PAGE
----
Should The Mandatory Life Sentence For Those Guilty Of A Mercy Killing? Essay

Should The Mandatory Life Sentence For Those Guilty Of A Mercy Killing? Essay

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If we are still to attach a degree of culpability to those guilty of a ‘mercy killing’ then perhaps the best approach to follow is that currently undertaken in New Zealand. Here, there is a relaxation of the mandatory life sentence for those guilty of a ‘mercy killing’. As established in the Sentencing Act 2002 ‘An offender who is convicted of murder must be sentenced to imprisonment for life unless, given the circumstances of the offence and the offender, a sentence of imprisonment for life would be manifestly unjust’ . Clearly, this relaxation of culpability would help to acknowledge the moral justifications behind ‘mercy killings’. Nevertheless, this approach does little to deal with the issues of fair labelling or fair warning explored earlier. The stigmatisation arising from a murder conviction must not be under-emphasised and, in practice, it appear the approach in New Zealand is little different from the current discretion enjoyed by judges in setting the minimum tariff period a murderer must serve before being released on licence. Moreover, on a pragmatic level, we envisage little possibility of a similar clause as that used in New Zealand being adopted in to English law. There is huge political pressure to maintain the mandatary life sentence for murder within the UK. It therefore seems unlikely that any Parliament would legislate to allow such a relaxation of this, particularly as such vague wording as “manifestly unjust” could be interpreted in a number of much wider scenarios than simply mercy killings.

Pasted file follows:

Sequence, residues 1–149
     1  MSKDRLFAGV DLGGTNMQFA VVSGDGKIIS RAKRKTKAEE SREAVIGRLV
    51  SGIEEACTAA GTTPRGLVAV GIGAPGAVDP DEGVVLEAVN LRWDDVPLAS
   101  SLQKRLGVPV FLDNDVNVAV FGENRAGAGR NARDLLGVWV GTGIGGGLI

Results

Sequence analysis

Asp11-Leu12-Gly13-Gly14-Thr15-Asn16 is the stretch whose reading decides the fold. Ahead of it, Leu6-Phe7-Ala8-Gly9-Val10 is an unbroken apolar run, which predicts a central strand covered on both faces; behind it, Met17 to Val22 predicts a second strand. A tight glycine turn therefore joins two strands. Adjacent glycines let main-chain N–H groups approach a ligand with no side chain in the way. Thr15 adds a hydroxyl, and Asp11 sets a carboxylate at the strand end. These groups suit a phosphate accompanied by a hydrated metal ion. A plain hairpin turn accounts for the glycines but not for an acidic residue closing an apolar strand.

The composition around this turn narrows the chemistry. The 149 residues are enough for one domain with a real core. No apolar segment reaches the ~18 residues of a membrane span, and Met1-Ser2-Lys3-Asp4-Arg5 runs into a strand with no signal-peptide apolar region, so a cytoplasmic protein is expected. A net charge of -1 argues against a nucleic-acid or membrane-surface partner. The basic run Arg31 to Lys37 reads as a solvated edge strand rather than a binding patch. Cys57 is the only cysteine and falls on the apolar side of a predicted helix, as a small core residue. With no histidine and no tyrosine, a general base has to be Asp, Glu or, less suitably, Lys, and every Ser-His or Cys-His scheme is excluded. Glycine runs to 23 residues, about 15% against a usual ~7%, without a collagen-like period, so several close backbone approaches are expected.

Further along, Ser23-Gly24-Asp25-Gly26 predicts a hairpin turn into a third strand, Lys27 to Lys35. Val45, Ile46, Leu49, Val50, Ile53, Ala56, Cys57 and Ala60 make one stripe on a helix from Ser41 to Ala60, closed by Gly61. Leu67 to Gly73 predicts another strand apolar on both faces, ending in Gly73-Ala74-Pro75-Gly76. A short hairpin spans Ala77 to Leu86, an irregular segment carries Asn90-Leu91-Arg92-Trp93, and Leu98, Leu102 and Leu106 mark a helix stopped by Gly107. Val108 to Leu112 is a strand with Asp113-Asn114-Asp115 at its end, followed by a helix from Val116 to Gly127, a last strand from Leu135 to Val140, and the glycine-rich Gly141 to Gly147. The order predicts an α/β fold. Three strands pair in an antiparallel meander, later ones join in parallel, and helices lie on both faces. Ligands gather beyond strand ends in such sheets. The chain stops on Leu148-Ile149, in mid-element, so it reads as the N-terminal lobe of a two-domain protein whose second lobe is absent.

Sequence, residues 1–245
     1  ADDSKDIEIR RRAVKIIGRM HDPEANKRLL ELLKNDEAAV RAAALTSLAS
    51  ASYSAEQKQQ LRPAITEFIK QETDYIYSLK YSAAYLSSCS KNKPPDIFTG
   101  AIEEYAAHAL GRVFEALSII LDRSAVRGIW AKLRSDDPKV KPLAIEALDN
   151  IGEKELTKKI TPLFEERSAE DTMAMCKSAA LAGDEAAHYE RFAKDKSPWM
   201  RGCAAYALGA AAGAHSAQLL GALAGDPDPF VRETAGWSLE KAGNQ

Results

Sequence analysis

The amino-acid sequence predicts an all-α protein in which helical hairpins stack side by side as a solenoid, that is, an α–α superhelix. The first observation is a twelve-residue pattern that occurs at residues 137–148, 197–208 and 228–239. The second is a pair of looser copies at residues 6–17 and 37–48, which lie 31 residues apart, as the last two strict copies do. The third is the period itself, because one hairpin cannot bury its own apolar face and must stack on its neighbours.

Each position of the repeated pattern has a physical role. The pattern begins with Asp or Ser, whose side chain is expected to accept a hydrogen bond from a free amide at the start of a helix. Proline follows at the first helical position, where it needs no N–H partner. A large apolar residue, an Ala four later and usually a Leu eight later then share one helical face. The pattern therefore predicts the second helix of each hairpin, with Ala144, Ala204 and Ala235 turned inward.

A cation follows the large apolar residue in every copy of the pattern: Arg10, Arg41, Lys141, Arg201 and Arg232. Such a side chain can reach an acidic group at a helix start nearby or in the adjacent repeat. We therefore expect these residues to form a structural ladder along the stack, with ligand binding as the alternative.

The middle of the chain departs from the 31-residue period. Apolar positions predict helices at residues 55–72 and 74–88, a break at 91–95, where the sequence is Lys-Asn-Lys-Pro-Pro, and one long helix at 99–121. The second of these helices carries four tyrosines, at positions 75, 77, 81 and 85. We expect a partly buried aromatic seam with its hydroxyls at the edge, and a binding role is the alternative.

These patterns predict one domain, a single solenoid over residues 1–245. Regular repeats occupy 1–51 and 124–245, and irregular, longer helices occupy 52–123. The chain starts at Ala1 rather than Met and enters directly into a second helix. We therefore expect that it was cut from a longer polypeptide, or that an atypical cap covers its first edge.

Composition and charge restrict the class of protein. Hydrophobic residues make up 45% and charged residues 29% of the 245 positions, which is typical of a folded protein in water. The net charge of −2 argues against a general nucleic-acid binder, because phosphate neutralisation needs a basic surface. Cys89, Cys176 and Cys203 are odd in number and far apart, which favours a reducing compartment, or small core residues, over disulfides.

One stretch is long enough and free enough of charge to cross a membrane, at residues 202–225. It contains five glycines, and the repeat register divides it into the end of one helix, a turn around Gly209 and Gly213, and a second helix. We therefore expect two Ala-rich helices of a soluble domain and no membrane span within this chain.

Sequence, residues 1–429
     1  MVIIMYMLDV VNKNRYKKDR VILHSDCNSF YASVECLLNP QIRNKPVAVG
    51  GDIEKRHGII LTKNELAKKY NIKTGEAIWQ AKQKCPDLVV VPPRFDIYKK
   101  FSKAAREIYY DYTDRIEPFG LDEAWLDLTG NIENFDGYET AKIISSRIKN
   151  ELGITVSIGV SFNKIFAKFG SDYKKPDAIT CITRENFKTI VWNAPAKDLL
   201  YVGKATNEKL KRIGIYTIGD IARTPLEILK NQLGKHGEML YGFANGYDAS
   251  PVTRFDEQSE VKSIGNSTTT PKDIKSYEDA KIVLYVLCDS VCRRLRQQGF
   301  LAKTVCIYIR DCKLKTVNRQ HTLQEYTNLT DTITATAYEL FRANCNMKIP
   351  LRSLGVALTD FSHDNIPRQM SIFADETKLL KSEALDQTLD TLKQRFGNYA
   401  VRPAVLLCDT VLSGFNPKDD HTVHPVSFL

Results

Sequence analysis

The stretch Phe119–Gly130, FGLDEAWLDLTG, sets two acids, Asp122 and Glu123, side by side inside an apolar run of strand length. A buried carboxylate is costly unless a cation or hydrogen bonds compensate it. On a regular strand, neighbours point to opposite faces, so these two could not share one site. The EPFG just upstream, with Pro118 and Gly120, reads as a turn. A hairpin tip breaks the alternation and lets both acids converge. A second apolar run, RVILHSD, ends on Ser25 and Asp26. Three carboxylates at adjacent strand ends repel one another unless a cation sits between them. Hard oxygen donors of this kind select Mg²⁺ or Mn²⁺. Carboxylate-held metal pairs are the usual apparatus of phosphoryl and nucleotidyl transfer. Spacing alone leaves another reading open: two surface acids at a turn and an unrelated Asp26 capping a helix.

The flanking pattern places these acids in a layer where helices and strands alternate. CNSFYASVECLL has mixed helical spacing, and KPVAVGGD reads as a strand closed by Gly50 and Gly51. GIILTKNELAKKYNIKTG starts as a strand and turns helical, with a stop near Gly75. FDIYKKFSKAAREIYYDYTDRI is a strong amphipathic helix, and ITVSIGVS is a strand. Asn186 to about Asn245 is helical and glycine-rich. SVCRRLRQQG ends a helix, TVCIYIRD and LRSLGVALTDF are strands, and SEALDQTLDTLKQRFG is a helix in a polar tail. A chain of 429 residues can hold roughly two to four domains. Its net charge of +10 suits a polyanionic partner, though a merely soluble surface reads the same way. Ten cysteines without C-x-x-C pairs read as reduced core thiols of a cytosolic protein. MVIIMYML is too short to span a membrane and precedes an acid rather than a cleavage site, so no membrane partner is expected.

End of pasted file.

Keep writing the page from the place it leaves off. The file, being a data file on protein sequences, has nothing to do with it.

A new partial defence to murder

We believe there should remain some form of culpability for those convicted of mercy killings, but that the label of murderer is too far. It is therefore submitted that there should...

... middle of paper ...

... suffer from. This would allow us to gain better insight into the justifications for ‘mercy killings’ and thus the possible reason for allowing defendants some form of a defence. Moreover, if we were to allow the defence, the advice of such medical practitioners could enable us to create an outline list of conditions which can be classified as sufficiently serious to warrant the allowance of the defence.
Another stakeholder whom we may wish to consult are academics and legal practitioners in other jurisdictions where defences or partial defences to mercy killings currently operate. Through consulting these individuals we can better understand how reform of the current law could operate in practise. We would also be able to examine case law from these jurisdictions to evaluate the effectiveness of their approaches to the defence and amend our proposals accordingly.

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